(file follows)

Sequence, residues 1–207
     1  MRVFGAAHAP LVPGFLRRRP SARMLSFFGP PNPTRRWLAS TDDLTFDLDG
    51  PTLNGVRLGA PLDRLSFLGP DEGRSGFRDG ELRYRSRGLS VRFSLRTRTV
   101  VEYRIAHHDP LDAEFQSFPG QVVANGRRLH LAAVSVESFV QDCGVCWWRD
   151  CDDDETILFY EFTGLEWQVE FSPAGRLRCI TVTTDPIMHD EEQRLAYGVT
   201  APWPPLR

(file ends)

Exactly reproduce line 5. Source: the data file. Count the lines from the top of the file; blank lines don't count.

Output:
   151  CDDDETILFY EFTGLEWQVE FSPAGRLRCI TVTTDPIMHD EEQRLAYGVT